Trust— in the workplace it’s either a buzzword or a genuine dynamic.
And even the smallest amount of intuition can discern which is at play.
Most of us know all too well what’s it’s like to have an employer pay lip service to the term. We may know too that this not only stifles employees, but hinders entire companies from truly flourishing.
Having been in the workforce for almost 40 years, I can say from both an employee and employer perspective that I have seen the best and worst of this in action. As an employee, most of us want to make our employer proud. We love thoughtful praise from a superior for a job well done. Not many of us like it when we do something that merits criticism or failure.
Although this isn’t without exception, if you’ll allow me to use this generalization—that most of us feel either “good” or “bad” in each case—I’ll be able to describe how trust can become a powerful presence in any given workplace.
Ask any company executive if they trust their employees and invariably you will get a response along the lines of, “Yes, of course.” But I would ask them to also consider the following:
- Do you block some social media websites in your work environment?
- Is using your personal phone in the office frowned upon?
- If employees work remotely, do you have employees record their working hours?
It’s likely that a lot of the employers answering “yes” to the initial trust question would also say “yes” to these questions too. So why is that a big deal? Surely there’s nothing wrong with having some processes in place to make sure everyone is working 100% of the time.
I can assure you—even with these processes in place—no one is working 100% of the time. It’s not human nature. All these limitations do is lead employees to think, “My employer doesn’t really trust me if they put these restrictions on me.”
As an employer you might think there are valid reasons for such measures, but you probably don’t realize how they can backfire against what you refer to as your “most valuable resource”—your employees. If they are indeed your most valuable resource, and you vetted them properly before employing them, then you also ought to trust they’ll do their job without petty restrictions.
Rather than thinking of ways to ensure you are getting what you’re “paying for” from your employees, a more holistic approach would be, “What can I do to empower my team to achieve the goals we’ve agreed to pursue?”
Then, leave them to do the job you trusted them enough to employ them for. If someone doesn’t do the job you expect from them, that’s when a conversation can be had.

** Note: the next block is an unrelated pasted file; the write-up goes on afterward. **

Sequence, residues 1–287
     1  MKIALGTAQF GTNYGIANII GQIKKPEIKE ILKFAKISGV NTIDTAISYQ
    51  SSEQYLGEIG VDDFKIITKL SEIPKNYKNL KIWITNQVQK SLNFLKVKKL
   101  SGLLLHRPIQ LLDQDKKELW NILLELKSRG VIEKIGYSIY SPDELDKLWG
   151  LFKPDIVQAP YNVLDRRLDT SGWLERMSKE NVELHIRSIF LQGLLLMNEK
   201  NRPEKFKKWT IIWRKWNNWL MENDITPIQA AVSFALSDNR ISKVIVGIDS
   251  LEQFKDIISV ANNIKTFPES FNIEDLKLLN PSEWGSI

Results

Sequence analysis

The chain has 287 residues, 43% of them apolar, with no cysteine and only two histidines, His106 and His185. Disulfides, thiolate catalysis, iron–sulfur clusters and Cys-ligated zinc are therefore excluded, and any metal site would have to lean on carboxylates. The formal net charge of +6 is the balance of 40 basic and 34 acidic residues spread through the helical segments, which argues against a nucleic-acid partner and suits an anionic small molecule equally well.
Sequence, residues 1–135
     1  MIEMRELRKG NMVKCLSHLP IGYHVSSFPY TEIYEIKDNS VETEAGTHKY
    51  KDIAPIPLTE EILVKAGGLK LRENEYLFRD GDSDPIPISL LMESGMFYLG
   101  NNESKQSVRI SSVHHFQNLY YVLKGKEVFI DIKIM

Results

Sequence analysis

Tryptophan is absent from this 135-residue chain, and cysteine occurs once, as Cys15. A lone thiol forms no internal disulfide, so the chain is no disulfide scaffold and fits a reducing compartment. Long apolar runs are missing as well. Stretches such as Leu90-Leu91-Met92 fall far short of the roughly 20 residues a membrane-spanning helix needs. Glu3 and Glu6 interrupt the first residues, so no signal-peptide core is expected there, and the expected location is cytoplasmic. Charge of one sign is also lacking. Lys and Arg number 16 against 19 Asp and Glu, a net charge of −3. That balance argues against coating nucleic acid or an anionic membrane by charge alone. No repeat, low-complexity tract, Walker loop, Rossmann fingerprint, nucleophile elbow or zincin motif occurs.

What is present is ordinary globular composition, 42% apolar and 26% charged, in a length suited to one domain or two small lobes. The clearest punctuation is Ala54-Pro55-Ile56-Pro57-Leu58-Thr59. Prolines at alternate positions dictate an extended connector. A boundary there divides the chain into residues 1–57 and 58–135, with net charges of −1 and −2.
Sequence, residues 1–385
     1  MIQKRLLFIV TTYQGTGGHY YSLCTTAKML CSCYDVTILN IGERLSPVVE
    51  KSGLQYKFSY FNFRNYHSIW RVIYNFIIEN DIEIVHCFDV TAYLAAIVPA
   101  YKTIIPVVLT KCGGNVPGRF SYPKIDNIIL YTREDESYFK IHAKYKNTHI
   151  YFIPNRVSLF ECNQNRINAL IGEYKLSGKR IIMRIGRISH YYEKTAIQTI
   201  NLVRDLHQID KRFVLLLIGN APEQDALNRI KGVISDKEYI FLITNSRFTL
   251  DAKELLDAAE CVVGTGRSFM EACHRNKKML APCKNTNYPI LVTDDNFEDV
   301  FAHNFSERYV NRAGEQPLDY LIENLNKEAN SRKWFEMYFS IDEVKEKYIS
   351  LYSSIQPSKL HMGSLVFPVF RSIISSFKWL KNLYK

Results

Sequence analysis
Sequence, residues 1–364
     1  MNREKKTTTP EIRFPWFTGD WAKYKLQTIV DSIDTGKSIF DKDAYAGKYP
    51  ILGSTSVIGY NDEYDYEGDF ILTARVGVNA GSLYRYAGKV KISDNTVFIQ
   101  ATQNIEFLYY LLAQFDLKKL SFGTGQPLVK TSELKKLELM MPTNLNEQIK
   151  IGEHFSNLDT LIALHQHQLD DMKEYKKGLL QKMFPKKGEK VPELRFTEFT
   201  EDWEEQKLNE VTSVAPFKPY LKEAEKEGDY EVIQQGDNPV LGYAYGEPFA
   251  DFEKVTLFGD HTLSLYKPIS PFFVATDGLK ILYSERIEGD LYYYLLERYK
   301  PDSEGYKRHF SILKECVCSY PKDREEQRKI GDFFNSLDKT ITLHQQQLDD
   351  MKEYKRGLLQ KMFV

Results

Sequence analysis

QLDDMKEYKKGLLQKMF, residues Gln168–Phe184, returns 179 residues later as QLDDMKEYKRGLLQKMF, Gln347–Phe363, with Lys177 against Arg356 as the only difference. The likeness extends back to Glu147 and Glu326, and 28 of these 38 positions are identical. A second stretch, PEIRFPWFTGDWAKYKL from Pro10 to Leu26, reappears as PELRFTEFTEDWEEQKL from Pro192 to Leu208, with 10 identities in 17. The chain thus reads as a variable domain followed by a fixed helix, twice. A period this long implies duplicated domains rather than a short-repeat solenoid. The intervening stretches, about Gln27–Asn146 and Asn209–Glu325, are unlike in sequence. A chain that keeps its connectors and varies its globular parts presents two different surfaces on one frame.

Many years ago I was in the process of selling software to a company when we encountered one of their biggest stipulations: they wanted the software to ensure that every step in their sales process had some form of sign-off before proceeding to the next step. The software didn’t do this, and it was a real show-stopper for this company even though it met the other 99% of their needs. Rather than returning to our developers and asking them to program this functionality, I asked, “Why is this sign-off at every step so important? Do you not trust your employees to make a decision for you? If not, why did you employ them?” This question was given considerable thought, and later resulted in the purchase of the software. (Granted, this was after the assurance that every action would be tracked in an audit trail that management could retrieve at any time. Baby steps, but steps nonetheless.)
As an employer you may think best-practice for your business entails tracking this and restricting that, but it’s likely your employees have been met with tremendous frustration in such instances—instances in which they feel like you have little to no trust in them.
Even those with a natural bend towards skepticism may be pleasantly surprised as they give their employees more freedom and independence. Taking a leap in trusting your employees is somewhat of a self-fulfilling prophecy in that sense—they perceive how you’re believing the best about them, and will most often work gratefully to uphold that belief.
Steve Mackenzie is the President of EventBooking, the world’s first cloud-based venue software company. EventBooking is a 2019 recipient of the Inc. Magazine “Best Workplaces” recognition—a national selection that chooses 300 companies from nearly 2,000 nominations each year.